Just because you were baptized at two weeks old and are a cradle Anglican does not mean that you have arrived. I could have been confirmed by the Archbishop of Canterbury and served ten times as Senior Warden, but that does not necessarily tell where I am with my relationship with God today. Past familiarity is not equal to a present relationship. Let me say that again. Past familiarity is not equal to a present relationship. They is why when they objected,“But we ate and drank with you and you taught in our streets,” Jesus’ answer was “I don’t know where you come from.” His command to strive in the present and ongoing.
Our New Testament lesson is St. Paul to the Philippians. He definitely had an experience with Jesus that led to his conversion and calling to be an apostle to the Gentiles. No one can doubt that. But he did not rest on those past experience. Just a few verses before today’s lesson he says, “Not that I have already obtained all this, or have already been made perfect, but I press on to take hold of that for which Christ Jesus took hold of me. Brothers, I do not consider myself yet to have taken hold of it. But one thing I do: Forgetting what is behind and straining toward what is ahead, I press on toward the goal to win the prize for which God has called me heavenward in Christ Jesus.”
If the Apostle Paul was not resting on his past experiences and accomplishments, then who are we to think that we may? Jesus said “Strive” and so strive we must. As Peterson put it, “‘The way to…God is vigorous and requires your total attention.’” (The Message, p.184) There should be evidence in our lives today, now, that the kingdom of God is our priority. This of course does not mean that we work our way to heaven but it does mean that if we really have a living faith then someone should better be able to find a pulse somewhere.
One last point about this text and about this we must be abundantly clear. We must be clear about this narrow door through which we are to strive to enter. Is the narrow door correct theology? No. Correct theology points us to the right door but it is not the door. Is it the Bible? No. The Bible paints for us a perfect picture of the door but it is not the door. Is it the right denomination? No. Last week I invited a minister from another denomination to join me in officiating an upcoming wedding and I go the “our-denomination-is-the-only-true-church” speech. He thinks his denomination is the door but he is wrong. There were no denominations when Jesus gave this command to enter through the narrow door, so He wasn’t pointing us to that guy’s church.
So what is the narrow door? Jesus tells us in John’s Gospel. He says, “I am the door. If anyone enters by Me, he will be saved, and will go in and out and find pasture.” Jn 10:9. Jesus is the door to salvation and there is no other door. This truth is what theologians call “the scandal of particularity” and what the Apostles called “the foolishness of the Gospel.” But unlike most theologians the Apostles bet their lives that Jesus was the narrow door and took that message to the ends of the earth. As you know most paid for this belief with their lives. It would have been a foolish thing to do if Jesus was but one of many doors.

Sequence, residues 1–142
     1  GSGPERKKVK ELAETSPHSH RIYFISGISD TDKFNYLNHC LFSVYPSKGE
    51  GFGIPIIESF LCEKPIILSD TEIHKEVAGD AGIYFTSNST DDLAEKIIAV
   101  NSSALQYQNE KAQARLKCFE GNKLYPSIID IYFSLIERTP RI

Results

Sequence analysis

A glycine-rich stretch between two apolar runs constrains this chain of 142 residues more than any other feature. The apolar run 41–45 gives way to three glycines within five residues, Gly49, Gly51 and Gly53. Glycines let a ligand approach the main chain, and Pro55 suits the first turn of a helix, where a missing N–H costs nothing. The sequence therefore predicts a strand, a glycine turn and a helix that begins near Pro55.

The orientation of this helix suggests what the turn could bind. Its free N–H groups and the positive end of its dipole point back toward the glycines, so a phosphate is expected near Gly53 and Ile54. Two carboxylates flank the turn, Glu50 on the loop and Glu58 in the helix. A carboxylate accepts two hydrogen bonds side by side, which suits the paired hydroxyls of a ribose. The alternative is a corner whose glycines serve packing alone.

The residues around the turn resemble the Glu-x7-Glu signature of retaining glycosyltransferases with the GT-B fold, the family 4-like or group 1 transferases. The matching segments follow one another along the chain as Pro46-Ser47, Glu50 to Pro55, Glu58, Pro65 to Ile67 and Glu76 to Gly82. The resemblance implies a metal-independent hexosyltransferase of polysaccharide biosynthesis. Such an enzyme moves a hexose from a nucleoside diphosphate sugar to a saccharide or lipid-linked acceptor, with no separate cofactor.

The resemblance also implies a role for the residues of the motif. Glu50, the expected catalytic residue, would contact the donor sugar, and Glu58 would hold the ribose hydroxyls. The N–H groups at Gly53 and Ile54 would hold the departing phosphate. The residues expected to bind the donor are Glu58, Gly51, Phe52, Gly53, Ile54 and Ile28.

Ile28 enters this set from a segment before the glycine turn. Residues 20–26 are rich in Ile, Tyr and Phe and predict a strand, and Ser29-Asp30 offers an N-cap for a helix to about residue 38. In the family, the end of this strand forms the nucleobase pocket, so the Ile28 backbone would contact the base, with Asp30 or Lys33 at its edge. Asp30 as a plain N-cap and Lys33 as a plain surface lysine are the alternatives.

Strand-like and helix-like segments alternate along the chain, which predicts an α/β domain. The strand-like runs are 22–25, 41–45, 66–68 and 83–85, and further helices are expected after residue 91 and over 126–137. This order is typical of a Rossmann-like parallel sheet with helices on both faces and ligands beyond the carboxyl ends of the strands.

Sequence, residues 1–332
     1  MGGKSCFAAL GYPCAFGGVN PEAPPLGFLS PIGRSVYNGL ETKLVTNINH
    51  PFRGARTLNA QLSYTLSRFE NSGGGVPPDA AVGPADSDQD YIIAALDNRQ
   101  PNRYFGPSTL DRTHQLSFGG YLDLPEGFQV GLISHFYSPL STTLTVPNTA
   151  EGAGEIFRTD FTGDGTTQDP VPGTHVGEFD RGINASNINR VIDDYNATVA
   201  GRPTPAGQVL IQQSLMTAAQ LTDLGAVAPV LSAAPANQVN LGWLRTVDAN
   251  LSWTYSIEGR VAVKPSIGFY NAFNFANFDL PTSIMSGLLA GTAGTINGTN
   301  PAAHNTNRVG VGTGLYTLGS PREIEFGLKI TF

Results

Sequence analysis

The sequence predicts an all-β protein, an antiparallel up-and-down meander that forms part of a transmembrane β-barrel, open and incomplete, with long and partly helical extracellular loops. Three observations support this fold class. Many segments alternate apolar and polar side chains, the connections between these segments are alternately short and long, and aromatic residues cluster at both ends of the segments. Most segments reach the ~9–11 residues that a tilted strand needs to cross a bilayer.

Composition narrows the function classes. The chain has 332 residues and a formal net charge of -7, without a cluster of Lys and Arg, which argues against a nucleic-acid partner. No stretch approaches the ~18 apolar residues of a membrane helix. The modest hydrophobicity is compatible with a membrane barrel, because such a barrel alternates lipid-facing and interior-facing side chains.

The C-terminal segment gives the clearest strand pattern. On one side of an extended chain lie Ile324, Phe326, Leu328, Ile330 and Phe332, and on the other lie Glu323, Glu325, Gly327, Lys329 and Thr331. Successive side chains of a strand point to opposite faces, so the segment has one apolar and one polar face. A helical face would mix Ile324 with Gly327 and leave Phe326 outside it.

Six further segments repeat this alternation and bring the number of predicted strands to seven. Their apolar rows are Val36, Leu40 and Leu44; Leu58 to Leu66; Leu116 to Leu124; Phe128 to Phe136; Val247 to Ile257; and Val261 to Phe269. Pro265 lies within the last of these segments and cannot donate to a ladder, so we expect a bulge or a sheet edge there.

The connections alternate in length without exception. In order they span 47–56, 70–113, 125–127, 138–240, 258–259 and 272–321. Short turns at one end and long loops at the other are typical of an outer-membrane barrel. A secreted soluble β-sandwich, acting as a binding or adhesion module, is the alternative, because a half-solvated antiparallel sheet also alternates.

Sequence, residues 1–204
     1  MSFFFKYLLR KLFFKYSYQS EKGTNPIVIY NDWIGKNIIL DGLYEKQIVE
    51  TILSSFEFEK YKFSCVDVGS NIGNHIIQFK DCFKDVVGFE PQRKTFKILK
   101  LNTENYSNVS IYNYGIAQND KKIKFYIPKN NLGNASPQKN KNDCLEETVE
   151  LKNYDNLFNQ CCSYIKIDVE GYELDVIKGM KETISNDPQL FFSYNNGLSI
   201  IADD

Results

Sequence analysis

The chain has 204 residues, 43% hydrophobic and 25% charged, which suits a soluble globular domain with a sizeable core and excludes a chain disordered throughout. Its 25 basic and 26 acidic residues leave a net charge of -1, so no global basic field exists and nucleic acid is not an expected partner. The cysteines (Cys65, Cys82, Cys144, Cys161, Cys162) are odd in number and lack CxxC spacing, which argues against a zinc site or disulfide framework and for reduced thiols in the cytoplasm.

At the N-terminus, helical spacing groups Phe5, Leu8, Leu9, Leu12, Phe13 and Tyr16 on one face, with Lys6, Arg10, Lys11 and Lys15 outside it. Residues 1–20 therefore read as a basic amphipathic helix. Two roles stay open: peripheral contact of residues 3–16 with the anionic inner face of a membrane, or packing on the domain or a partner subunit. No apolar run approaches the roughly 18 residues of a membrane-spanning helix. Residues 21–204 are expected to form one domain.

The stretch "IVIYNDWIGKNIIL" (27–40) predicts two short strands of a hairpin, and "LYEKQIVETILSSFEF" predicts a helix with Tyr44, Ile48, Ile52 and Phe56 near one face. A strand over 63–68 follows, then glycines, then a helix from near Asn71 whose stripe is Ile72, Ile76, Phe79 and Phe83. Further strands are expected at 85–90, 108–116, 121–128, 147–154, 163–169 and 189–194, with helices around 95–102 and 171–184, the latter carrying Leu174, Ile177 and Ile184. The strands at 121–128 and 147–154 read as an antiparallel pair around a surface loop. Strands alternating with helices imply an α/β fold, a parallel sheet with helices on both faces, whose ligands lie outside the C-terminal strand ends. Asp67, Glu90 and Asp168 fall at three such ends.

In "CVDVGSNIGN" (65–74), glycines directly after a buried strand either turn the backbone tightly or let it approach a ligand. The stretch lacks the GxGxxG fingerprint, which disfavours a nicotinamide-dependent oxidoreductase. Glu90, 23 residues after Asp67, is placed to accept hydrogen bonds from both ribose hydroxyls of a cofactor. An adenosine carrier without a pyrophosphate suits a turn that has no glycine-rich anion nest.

Let’s ask one last question if we dare. Why is it that Jesus alone is the door to salvation? We answer that question in the comfortable words given after the confession and absolution in the Rite One liturgy of the 1979 BCP. It is here that we quote 1 John 2:1,2. “If any man sin, we have an Advocate with the Father, Jesus Christ the righteous, and he is the perfect offering for our sins, and not for our sins only but for the sins of the whole world.”
When I was in college I majored in psychology and minored in religion which equipped me to ask this important question. “Would you like to supersize that order?” One semester I took a fascinating class that combined both disciplines. It was a study of religion through the lens of Freudian psychology. And what made it even more fascinating was that it was taught by a Death-Of-God theologian who had lost all of his family in the Holocaust. He was one of the most brilliant and inspiring professors I had in college. He allowed us to freely express our views but he had a rule that if you attack another person’s religion that he would come to their defense.
Things went along smoothly for about half the semester until a student spoke a tirade about Christianity and crossed the line. At that point the professor, an avowed atheist, turned into the Apostle Paul and gave such a sterling defense of the Gospel that if he offered an altar call the class would have needed a mass baptism. I will never forget his defense. After stating that he was not a believer he said that he had to admit that of all the world religions, only Christianity has the answer for sin. Some religions deny sin, some try to outweigh sin with good works, others seek to move beyond sin through enlightenment. But, he said, none of them are the answer. Only Christianity admits that sin is a universal problem and only Jesus dealt with it through His death and resurrection. That is why He alone is the door. That is why the door is narrow. For a moment I thought that the professor was going to preach himself into salvation.
Back to Jesus’ words. It is not enough to know that He is the narrow door, we must strive to enter it. One of the best ways of doing this will be offered to you in a few minutes. It is one of the many reasons that I am an Anglican. If we will recognize that Jesus presents Himself to us through the consecrated bread and wine, and we receive it with the full intention of Him dwelling in us and we in Him, then surely we will enter through the door. I know that when I do I truly find pasture for my soul.
There are a lot of voices today that will tell you otherwise. But don’t be fooled by distraction. Listen rather to Jesus. Strive to enter through the narrow door. Amen.